For a man who seems particularly averse to criticism and dissent, President-elect Donald Trump’s appointment of Cabinet nominees who appear unafraid to disagree with him is a welcome development.
The willingness of key appointees to break with Trump — even on major policies — during recent confirmation hearings was as striking as it was unexpected.
That spark of independence should be encouraged. As perhaps the least experienced president-elect in U.S. history, Trump will need a Cabinet that can pressure-test his proposals, temper any impulsiveness and occasionally stand up to especially wrongheaded ideas.
Rex Tillerson, former Exxon head, nominated for secretary of state, has already taken the lead, displaying a wariness of Russia that could at least provide some counter to Trump’s star-struck admiration for Vladimir Putin. On the Paris climate accord, which Trump has said he would pull out of, Tillerson is more cautious, astutely noting the importance of the U.S. “maintaining a seat at the table.”
Trump may consider NATO to be “obsolete,” but his pick for secretary of defense, Retired Marine Gen. James Mattis, was unabashed in recognizing its value. Mattis called NATO “the most successful military alliance probably in modern world history.” Mattis also recognizes what Trump has not, that Putin “is trying to break the North Atlantic alliance.” Those are viewpoints Trump needs to hear — and often.
For example, Retired Gen. John F. Kelly, tapped by Trump to lead Homeland Security, broke with Trump on torture, saying in his hearing that, “I don’t think we should ever come close to crossing a line that is beyond what we as Americans would expect to follow in terms of interrogation techniques.” Trump would do well to consider Kelly’s wealth of experience in this area. A Marine since 1970, Kelly has commanded forces from South America to Iraq.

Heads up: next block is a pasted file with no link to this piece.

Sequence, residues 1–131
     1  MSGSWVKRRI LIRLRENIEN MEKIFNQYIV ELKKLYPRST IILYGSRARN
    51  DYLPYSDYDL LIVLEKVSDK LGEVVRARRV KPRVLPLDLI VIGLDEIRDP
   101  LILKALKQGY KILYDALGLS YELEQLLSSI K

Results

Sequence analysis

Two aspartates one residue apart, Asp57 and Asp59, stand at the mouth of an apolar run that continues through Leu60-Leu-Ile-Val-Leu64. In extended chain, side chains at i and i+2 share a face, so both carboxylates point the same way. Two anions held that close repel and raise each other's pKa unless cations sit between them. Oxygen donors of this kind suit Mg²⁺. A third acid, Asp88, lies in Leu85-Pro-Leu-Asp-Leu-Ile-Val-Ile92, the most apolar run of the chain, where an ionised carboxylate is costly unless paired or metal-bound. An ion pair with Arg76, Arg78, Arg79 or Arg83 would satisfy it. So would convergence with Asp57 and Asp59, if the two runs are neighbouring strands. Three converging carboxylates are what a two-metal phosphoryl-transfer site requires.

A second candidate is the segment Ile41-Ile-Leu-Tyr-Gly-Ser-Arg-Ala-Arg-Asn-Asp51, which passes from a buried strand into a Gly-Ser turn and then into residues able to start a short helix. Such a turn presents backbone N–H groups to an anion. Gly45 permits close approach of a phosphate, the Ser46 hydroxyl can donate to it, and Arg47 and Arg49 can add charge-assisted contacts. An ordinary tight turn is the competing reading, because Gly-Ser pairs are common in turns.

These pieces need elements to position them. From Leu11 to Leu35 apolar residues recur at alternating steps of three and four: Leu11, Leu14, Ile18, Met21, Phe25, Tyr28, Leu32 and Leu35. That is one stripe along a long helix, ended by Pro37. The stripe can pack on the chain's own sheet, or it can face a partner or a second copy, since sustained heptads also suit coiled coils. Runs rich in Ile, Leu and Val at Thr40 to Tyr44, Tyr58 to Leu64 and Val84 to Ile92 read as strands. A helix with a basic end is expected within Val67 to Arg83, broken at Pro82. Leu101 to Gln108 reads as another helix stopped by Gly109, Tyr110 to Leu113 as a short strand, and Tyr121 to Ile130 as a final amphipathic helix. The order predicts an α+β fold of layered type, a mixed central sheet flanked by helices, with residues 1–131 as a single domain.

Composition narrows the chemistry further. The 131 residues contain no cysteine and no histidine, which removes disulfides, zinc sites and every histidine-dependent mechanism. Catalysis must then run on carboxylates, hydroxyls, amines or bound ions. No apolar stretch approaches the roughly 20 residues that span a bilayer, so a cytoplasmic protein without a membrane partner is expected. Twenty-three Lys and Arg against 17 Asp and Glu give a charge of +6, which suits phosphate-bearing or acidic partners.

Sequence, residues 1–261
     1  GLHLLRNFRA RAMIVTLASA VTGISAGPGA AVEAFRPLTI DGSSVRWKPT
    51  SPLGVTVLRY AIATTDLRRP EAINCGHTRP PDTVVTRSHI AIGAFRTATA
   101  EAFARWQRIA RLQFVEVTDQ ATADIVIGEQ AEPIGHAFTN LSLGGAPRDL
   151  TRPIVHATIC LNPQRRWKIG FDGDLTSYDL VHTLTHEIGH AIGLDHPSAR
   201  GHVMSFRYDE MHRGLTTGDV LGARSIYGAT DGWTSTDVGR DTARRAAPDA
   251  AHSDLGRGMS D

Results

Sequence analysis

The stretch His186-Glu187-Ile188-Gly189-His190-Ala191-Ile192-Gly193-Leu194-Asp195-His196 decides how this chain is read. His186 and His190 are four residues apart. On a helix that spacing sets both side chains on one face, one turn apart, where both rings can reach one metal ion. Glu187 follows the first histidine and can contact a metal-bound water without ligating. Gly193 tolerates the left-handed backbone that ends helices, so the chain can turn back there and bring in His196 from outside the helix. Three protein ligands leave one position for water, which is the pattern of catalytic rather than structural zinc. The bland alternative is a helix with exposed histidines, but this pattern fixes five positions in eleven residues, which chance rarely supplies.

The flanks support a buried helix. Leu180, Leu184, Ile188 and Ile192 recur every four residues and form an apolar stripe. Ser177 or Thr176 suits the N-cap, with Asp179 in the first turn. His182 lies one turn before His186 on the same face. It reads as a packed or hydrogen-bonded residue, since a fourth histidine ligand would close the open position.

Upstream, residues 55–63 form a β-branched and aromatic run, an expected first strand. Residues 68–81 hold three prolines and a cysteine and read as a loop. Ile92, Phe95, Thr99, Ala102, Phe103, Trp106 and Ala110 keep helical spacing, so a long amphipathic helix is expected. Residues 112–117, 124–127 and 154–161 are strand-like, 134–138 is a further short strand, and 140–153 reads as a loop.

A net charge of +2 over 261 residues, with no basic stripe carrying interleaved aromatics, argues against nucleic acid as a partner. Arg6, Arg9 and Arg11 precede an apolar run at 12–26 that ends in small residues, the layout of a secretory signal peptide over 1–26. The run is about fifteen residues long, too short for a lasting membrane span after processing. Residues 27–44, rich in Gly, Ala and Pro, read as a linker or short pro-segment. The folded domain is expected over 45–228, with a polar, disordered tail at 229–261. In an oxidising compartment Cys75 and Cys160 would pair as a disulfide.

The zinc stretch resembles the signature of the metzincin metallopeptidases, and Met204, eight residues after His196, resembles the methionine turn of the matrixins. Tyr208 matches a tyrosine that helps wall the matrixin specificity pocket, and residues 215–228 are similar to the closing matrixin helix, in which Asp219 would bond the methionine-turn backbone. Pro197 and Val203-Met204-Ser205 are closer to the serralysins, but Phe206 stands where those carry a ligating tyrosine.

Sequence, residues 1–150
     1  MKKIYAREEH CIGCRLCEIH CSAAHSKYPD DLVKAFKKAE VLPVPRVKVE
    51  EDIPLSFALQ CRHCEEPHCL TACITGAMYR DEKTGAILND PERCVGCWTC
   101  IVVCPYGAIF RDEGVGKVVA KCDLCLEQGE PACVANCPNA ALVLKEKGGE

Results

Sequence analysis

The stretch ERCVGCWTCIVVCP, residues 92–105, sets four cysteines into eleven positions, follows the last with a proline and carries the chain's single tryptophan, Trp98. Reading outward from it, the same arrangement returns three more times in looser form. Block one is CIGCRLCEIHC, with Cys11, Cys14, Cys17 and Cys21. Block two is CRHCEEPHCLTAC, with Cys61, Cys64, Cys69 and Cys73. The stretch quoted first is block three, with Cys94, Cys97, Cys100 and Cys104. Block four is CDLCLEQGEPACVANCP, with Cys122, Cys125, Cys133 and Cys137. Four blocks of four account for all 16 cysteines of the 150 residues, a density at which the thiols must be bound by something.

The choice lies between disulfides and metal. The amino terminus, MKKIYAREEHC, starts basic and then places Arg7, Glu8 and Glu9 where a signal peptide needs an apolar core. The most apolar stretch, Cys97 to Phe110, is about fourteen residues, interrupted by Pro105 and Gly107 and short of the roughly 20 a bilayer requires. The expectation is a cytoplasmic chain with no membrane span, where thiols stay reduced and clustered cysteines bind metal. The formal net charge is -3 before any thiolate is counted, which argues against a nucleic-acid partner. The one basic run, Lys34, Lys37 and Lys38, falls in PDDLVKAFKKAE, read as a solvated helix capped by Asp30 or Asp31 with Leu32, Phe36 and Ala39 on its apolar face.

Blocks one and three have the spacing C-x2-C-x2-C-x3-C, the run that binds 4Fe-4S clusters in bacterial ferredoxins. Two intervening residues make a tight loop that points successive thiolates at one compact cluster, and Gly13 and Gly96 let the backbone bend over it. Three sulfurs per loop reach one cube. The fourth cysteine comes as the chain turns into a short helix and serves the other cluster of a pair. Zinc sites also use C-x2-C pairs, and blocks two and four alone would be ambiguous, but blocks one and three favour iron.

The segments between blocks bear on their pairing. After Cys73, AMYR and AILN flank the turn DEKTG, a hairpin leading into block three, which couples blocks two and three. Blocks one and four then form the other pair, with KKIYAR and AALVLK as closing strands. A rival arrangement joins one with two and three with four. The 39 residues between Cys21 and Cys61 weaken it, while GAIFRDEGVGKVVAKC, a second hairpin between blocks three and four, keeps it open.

Trump, to his credit, has been sanguine about his nominees’ policy departures, tweeting that “I want them to be themselves and express their own thoughts, not mine!” It should be noted that Trump spokesman Sean Spicer later said that Trump wants to encourage differing views among his advisers, but he took care to add that ultimately, “each one of them is going to pursue a Trump agenda and Trump vision.”
These first appointments are encouraging for the independence they show. That includes attorney general nominee Sen. Jeff Sessions, who is a disturbing choice for many — including both of Minnesota’s senators — but who nevertheless opposes Trump’s proposed Muslim immigration ban and is supportive of the intelligence community that Trump has so roundly criticized.
That Trump is willing to allow his nominees to disagree publicly with him on even important policies shows a confidence that could serve the new president well if he also is wise enough to trust their counsel and change course when a credible argument for doing so is made.